Hi Ivan, I think everyone will agree you'll need an instructor/mentor, the thought of training a single young dog without one is pretty daunting (unless you've been doing it for a long time). I started the thread that Mary Beth linked to (thanks!
) to track my progress with my second dog.
The instructor I go to has multiple different groups of sheep that help the dog learn and progress. "Test"/ "Heavy" sheep (not very reactive, knee-knockers, predictable) to start out with, then "Trial" sheep (moderately more reactive) and then Light / wilder sheep, ewes with lambs, lambs, new sheep not accustomed to being worked by a dog, etc. things that you'd encounter in a real farming venue, that pose additional challenges. Trying to start a dog on a mixed, wilder group of sheep (or lambs) will be incredibly difficult.... like throwing a kid into the ocean on their first day of swimming lessons.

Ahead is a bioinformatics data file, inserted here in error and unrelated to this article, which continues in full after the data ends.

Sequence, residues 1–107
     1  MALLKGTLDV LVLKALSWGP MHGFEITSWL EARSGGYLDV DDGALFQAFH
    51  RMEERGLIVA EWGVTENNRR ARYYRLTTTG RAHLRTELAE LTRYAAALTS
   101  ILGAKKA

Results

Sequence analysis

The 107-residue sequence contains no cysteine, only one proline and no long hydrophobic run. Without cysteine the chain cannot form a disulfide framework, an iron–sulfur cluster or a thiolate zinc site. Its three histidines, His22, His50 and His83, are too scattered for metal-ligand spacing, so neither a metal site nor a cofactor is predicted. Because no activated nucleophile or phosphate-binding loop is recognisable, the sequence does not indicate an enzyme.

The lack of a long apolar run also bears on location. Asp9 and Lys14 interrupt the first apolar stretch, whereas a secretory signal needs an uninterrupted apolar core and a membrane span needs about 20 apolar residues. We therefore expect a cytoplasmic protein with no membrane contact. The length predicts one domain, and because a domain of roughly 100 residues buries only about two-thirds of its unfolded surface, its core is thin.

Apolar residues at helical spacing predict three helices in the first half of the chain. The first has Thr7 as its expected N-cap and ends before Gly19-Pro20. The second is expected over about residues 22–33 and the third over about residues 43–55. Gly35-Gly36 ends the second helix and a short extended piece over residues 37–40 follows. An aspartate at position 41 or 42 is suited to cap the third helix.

There's no substitute for an instructor, but out of all the books I've read, these are my favorites that I've kept on my bookshelf as resources.
Herding Dogs: Progressive Training http://www.amazon.com/Herding-Dogs-Progressive-Vergil-Holland/dp/0876056443/ref=sr_1_1?ie=UTF8&qid=1458580080&sr=8-1&keywords=herding+dogs+progressive+training
Stockdog Savvy http://www.amazon.com/Stockdog-Savvy-Jeanne-Joy-Hartnagle-Taylor/dp/1577791061/ref=sr_1_1?ie=UTF8&qid=1458580093&sr=8-1&keywords=stockdog+savvy
Teaching the Rules of the Hunt: an Introduction to Herding http://www.amazon.com/Teaching-Rules-Hunt-Introduction-Herding/dp/0578092530/ref=sr_1_1?ie=UTF8&qid=1458580111&sr=8-1&keywords=teaching+the+rules+of+the+hunt